In 1692, a series of “witch trials” took place in the area now occupied by Danvers, Ipswich, Andover and Salem, Massachusetts.
The familiar version of the story begins with a slave named Tituba, often described as being black or of mixed race, though court documents from her trial describe her as “Indian woman, servant.” 5 men and 14 women were hanged as witches on Gallows Hill, as many as 17 more dying in the tiny, freezing stone compartments that passed for jail cells. One man, 81 year old Giles Cory, was “pressed” to death over two full days, as rocks were heaped on his chest to extract his “confession”. Knowing that his possessions were forfeit to his tormentors should he confess, his only response was “more weight”.
Courts of “Oyer and Terminer” (to hear and determine) were disbanded by Governor Sir William Phipps, somewhere around the time when his own wife was accused of witchcraft. This is the story as it’s commonly told, but the real origin of the late 17th century witchcraft hysteria started in Boston, four years earlier.
The conflict which took place in Ireland between 1641 and 1653 pitted native Irish Catholics against English and Scottish Protestant colonists, and their supporters. Over 500,000 Irish were killed by the English and another 300,000 sold as slaves during this period, while Ireland’s population fell from 1,500,000 to 600,000 in a single decade. By the mid 1600s, the Irish constituted most of the slaves sold to the Caribbean islands of Antigua and Montserrat. About 70% of the entire population of Montserrat at this time, were Irish slaves.
Goodwife Ann “Goody” Glover and her family were among these white slaves, shipped to Barbados in the 1650s during the Irish Confederate Wars. Her husband was apparently killed in Barbados for refusing to renounce his Catholic faith, while Ann either escaped or was released, depending on which version of the story you believe. By 1680, Ann and her daughter landed in Massachusetts, where the pair worked as housekeepers for the Boston family of John Goodwin.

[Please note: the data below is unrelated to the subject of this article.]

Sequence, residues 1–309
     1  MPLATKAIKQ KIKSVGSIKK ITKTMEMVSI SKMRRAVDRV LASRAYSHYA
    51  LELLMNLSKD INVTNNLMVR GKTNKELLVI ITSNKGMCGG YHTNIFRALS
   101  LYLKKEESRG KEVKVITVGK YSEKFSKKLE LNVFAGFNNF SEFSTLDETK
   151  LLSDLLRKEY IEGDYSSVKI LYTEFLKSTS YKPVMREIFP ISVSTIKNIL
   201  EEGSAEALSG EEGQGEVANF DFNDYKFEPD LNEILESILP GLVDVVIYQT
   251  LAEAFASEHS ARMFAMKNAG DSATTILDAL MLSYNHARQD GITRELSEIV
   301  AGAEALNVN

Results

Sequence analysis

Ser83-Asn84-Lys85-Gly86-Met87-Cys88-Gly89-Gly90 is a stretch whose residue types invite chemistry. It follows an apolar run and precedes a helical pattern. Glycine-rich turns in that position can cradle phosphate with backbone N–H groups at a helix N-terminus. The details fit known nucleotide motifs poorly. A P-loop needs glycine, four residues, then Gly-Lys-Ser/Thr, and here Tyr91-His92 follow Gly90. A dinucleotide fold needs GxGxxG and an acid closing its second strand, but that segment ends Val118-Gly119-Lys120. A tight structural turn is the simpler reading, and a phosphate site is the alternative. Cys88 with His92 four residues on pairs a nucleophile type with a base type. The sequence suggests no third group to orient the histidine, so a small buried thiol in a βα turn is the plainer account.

In 1688, 13 year old Martha, one of the Goodwin girls, accused the younger Glover of stealing fabric. Ann’s daughter ran out in tears, which earned Martha a rebuke from Ann Glover. Four of the five Goodwin children soon began to writhe and carry on in a manner which would become familiar four years later. Their doctor concluded that “nothing but a hellish Witchcraft could be the origin of these maladies.”
There was no small amount of anti-Catholic bigotry in the trial that followed. Cotton Mather, the socially and politically influential New England Puritan minister called Glover “a scandalous old Irishwoman, very poor, a Roman Catholick and obstinate in idolatry.”
During interrogation, Glover supposedly told Mather that she prayed to a “host of spirits”, possibly representing Catholic saints. Mather argued that small doll-like figures found in her home represented these spirits, which were, in fact, demons.
Glover’s Gaelic was far better than her English, and the two “Gaelic speakers” hired to translate probably made some of it up as they went along. Most damning was Ann’s inability to complete the Lord’s Prayer. As a Catholic, she was either unable or unwilling to complete the prayer with the Protestant doxology, “For thine is the kingdom, and the power, and the glory, forever, Amen”, which doesn’t exist in the Catholic recitation.
That proved to be the final straw. The court convicted Goodwife Ann Glover of witchcraft and sentenced her to be hanged, the sentence carried out before a jeering crowd on November 16th, 1688. She was the last person be hanged for witchcraft in the city of Boston.
Robert Calef, a Boston merchant who knew her, said “Goody Glover was a despised, crazy, poor old woman, an Irish Catholick who was tried for afflicting the Goodwin children. Her behavior at her trial was like that of one distracted. They did her cruel. The proof against her was wholly deficient. The jury brought her guilty. She was hung. She died a Catholick.” After the hanging, a contemporary wrote that the crowd wanted to destroy her cat as well, “but Mr. Calef would not permit it”.
A decade after the Glover execution, Cotton Mather was still carrying on against “idolatrous Roman Catholicks.”
Goody Glover’s execution would be overshadowed by the witchcraft hysteria unfolding farther up Massachusetts’ North Shore, four years later.
Sometime in the 1830s, the writer Nathaniel Hawthorne added the “W” to his name, distancing himself from his twice-great grandfather and Salem witch trial judge, John Hathorne. None of it did a lick of good for the poor collection of oddballs and outcasts who would not survive the witchcraft hysteria of 1692.
On January 14, 1699, Massachusetts observed a day of fasting for wrongly persecuting the “witches” of the earlier period. The state formally apologized for the whole mess 258 years later, in 1957. In 1988, 300 years to the day after her hanging, Boston City Council proclaimed November 16 as “Goody Glover Day”. Apparently, we can’t be too hasty about these things.